Tasha's Reviews > Hurricane Song

Hurricane Song by Paul Volponi
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's review
Dec 11, 08

bookshelves: teen
Read in December, 2008

Miles has been living with his father for a few months in New Orleans when Hurricane Katrina hits. He and his father, a jazz musician who often pays more attention to his music than his son, and his uncle try to drive out of New Orleans before the storm but when their car breaks down they are forced to head to the Superdome. They spend the length of the storm there, in stifling heat, among crowds of people, and with broken toilet facilities and little food and water. As the situation deteriorates and gangs of thugs appear in the Superdome, Miles and his family must decide whether to just take care of themselves or to risk themselves to help strangers.

I saw this on several best books of the year lists and had to try it. My synopsis above barely scratches the surface of this novel. It is taut with the tensions between a teen son and his father even before Katrina arrives. Take that tension and place it under even more pressure and you have this book which magnificently captures the racial divide during the crisis, the dire situation people found themselves surviving in, and yet also the hope, the community and the strength of people. Volponi also weaves music through the story as well as choices. The voices of his characters are real, individual and ring raw and true.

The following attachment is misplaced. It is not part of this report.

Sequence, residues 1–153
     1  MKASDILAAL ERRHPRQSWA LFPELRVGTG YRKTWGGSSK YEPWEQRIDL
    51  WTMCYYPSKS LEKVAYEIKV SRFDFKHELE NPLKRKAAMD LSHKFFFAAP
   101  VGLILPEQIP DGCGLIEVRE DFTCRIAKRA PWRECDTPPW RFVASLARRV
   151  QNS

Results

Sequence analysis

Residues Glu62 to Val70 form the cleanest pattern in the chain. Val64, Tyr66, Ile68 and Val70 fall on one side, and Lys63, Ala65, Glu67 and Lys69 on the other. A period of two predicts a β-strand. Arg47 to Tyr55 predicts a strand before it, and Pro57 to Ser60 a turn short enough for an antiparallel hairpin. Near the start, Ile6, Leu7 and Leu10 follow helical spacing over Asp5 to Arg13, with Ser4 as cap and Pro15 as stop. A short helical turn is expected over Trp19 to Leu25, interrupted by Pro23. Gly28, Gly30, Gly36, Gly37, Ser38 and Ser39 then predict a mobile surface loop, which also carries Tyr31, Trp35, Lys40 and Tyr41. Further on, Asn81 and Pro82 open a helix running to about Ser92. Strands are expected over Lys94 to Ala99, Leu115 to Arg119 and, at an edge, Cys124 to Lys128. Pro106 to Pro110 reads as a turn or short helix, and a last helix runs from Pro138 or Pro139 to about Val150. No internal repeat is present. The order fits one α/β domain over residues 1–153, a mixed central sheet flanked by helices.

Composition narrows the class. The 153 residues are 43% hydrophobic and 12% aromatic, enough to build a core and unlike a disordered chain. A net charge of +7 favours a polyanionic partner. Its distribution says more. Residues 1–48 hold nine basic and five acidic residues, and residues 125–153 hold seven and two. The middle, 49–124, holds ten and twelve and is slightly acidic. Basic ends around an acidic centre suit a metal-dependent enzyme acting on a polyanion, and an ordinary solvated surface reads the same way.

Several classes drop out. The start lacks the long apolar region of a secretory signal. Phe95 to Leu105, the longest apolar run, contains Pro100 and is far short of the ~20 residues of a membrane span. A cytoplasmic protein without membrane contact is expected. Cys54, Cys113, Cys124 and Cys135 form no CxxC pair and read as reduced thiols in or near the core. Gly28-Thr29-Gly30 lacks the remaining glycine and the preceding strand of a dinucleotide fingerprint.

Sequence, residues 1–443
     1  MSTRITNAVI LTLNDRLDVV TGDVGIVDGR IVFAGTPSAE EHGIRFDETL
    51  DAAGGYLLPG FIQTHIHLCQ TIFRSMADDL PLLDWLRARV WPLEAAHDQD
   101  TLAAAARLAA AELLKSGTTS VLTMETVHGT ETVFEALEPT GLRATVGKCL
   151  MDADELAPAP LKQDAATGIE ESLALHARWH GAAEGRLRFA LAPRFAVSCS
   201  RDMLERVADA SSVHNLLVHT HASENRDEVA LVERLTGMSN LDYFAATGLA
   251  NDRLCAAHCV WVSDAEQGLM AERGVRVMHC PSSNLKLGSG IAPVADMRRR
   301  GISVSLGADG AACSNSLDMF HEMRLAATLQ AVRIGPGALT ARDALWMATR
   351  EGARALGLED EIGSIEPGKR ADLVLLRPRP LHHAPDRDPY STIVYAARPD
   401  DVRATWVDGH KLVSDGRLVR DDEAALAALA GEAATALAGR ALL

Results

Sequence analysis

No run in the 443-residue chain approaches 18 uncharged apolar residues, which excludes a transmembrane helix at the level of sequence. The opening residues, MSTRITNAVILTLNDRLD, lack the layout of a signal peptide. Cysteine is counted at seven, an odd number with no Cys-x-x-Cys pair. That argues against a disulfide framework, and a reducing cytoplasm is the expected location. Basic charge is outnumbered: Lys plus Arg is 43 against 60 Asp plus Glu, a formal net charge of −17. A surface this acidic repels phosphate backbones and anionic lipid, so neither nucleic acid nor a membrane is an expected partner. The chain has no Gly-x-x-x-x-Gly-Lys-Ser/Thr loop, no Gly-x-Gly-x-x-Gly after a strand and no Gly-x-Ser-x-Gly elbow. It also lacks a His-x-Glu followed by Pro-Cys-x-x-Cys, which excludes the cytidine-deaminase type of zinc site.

Ideal reading for teen boys, some people may be turned off by the strong (but very accurate) language in the book. Appropriate for ages 14-17.


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